My university teachers also weren't software engineers: most of them came from the field of electrical engineering, but some of them were mechanical engineers, as in the old days, even electrical engineering didn't exist as a separate field.

    The reasons I'm for software engineering are above: it's a pretty expensive field, with softwares costing a fortune, and affecting thousands of people's life; I wouldn't give this task to anyone not formally trained to bear this. A bug which a single developer hunts for a week is comparable to a price of a car.

    I also understand that people got disillusioned of the waterfall model, and the more formal and pedantic interpretation of RUP: but this is not what software engineering is about! Honestly, I believe that people simply misinterpreted RUP/Waterfall in the 90s, and misunderstood the role of UML, that's why the fuss.

    For example, software engineering has nothing to do with batch delivery. Why would it? RUP never ever said they should do batch delivery.. As for waterfall, it's a model of much smaller tasks than what we do today. Back then, an algorhythm with a few thousand lines was the full system; nowadays I write such manually in a single week.

    (Please note, that I don't have to use punch cards, and compilation doesn't take a full day, which makes development a lot faster I guess...)

    As for documentation: most of the documentation engineers write are for customers. Sometimes a customer has to get funding, either financial or political; sometimes you have to be able to draw a baseline, "this is all we know now",and you can't do it in code quick enough. Sometimes you have to prove to 3rd parties, without a full implementation. Sometimes a prototype would be too expensive for the task, but anything non-formal would be inferior. Sometimes you don't want to have a luxury of having a document hanging in the air, being completely independent and telling nothing of the actual product.

    What frightens me, is the complete lack of understanding in design, and lack of motivation to zoom just a bit further on what people are doing right now: I know it's officially not Agile's fault, yet I blame on them as Agile tries to defy SE values, and you're either part of something or being a complete counterpart.

    And with that comes the complete disrespect for education, for formal methods; with that comes the continous reinvention of the wheel, even for those advances which were made by the founders of Agile (like, Kent Beck or Ward Cunnigham) but somehow didn't make it into the Agile canon.

    I'm an engineer. With this I mean not just that I feel that having formal knowledge on what you're doing is important, it seems I also have to claim that current agile practices - not theories! - are wrong; that customer satisfaction is more important than feeling yourself good at workplace; that a bit of future proofness is more important than doing requests as quick as possible; that understanding each situation separately is much more important than following the scrum/agile canon.

    So yes, despite being one of the first people to do scrum in 2006 in my country, it seems that I have to be the person who says no to it; not because it's wrong; but because its average implementation makes harm to the society, delivering softwares which are way too buggy, and makes it hard for the user.

  • Re: I'm an Engineer and I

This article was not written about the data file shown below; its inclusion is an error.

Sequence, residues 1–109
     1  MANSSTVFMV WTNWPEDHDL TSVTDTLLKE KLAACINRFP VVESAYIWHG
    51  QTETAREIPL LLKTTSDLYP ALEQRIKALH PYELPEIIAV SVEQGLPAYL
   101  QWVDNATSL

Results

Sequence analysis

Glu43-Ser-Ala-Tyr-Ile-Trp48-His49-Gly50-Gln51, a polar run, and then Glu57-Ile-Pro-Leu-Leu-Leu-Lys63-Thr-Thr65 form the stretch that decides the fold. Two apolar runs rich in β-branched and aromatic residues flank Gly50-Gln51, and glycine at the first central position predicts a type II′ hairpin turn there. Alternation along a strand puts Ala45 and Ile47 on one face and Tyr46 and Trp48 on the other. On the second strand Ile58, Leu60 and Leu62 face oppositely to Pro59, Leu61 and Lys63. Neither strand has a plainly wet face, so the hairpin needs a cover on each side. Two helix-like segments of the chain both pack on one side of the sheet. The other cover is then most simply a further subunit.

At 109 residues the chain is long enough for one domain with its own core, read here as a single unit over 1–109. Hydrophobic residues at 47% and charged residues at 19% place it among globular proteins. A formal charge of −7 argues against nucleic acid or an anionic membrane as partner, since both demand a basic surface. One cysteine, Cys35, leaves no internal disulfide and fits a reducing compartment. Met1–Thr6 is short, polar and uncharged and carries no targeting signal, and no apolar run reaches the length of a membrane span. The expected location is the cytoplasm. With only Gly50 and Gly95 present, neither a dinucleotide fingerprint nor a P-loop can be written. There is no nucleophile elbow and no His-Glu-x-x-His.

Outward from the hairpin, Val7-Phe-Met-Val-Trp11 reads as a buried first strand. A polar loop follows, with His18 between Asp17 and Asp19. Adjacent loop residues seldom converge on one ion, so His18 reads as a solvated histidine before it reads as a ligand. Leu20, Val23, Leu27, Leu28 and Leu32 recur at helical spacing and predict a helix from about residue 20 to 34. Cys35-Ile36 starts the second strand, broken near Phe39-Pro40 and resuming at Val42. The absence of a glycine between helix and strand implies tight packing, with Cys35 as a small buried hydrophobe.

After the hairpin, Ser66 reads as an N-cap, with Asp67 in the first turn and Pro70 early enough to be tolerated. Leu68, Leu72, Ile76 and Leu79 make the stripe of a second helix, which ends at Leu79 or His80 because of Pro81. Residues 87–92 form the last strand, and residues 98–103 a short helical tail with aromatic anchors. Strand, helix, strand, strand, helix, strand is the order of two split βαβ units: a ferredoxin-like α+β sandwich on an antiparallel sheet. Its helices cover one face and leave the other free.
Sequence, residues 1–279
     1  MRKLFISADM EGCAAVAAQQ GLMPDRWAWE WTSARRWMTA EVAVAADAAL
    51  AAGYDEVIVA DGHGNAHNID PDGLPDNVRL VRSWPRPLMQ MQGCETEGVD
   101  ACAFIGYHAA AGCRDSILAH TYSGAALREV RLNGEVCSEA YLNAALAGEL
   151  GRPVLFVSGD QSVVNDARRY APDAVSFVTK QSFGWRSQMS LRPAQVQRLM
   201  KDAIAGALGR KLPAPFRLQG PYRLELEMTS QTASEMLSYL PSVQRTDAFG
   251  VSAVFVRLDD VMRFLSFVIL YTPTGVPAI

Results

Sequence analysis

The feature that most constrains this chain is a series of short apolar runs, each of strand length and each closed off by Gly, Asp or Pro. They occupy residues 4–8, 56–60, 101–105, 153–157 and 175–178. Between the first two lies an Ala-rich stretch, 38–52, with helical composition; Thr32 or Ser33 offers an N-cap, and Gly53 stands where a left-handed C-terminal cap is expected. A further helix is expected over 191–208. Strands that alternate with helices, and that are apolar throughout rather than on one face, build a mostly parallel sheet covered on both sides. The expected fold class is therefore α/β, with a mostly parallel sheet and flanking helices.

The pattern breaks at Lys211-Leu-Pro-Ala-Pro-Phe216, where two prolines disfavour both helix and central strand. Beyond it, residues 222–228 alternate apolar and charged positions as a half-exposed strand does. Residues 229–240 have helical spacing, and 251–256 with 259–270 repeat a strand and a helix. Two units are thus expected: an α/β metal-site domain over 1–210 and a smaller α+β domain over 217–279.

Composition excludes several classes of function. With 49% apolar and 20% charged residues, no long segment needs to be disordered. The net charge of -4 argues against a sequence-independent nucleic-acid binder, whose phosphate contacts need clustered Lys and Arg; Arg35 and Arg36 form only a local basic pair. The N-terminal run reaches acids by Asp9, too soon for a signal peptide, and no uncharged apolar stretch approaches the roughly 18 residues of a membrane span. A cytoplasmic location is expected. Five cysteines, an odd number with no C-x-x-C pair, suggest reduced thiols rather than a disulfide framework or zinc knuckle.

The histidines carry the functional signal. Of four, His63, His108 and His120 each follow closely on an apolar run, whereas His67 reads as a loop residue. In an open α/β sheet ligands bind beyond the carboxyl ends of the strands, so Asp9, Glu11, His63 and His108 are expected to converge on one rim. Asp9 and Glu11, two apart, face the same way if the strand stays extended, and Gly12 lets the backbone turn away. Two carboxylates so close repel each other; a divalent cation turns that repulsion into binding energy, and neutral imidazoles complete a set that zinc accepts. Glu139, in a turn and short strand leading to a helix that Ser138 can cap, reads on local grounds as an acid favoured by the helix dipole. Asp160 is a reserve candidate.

by Luis Espinal /

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    Software is software a new discipline with new challenges. The IEEE definition of Engineering suites problems where the reconfiguration costs are high. So if you build a multi million dollar bridge, you better get the design right before construction. Software just isn't like that.


    Depends on the system. The cost of getting it wrong are very different between building software that goes into a medical device and software behind a shopping cart. Even in commercial systems, I've worked in such systems where glitches literally costs ten of thousands of dollars per hour at least. It might not compare to multi-million dollar costs on a bridge built bad, but I'd be hard press to see a company bleeding that much money like that and not see this as critical.

    The reconfiguration costs are relatively low.


    Relative to what? Also, relative does not imply trivial or nominal. Costs are costs, and even if they are relative low compared to other types of engineering work, that does not make them trivial or non-critical. Ergo, companies that rely on such software systems, and those who are in charge of building them, must do better. Engineering maturity is the only way to go.

    You can change code/design at any time if you do it right.


    As anyone who has build non-trivial software for a living will ask you, how do you get it right?. What approaches do you use (or should/must use) to get it right? If it was trivial, or at least self-evident, we wouldn't have these type of conversations and problems, would we?

    Just because software is malleable, that does not remove the challenge to actually build it right. We have to learn how to do engineering with software. At least you guys in the physical engineering disciplines have tools and physical models with which to analyze and verify ideas that guide your building of things. We don't. Ergo, a greater need to identify how to do engineering.

  • Re: I'm an Engineer and I

    by Luis Espinal /

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    Don't make me wrong: I'm not for Big Upfront Design, yet our current agile practices are really short-sighted.


    Bingo. The greatest bane of our industry is that people swing to extremes. We need to do engineering, which entails a firm rooting in scientific principles as well as pragmatic, on-the-ground concessions and trade-offs.

    Instead we have people that, without discipline or deep thought, jump from one quasi-religious silver-bullet fad of the day, without any thought, in a all-or-nothing manner.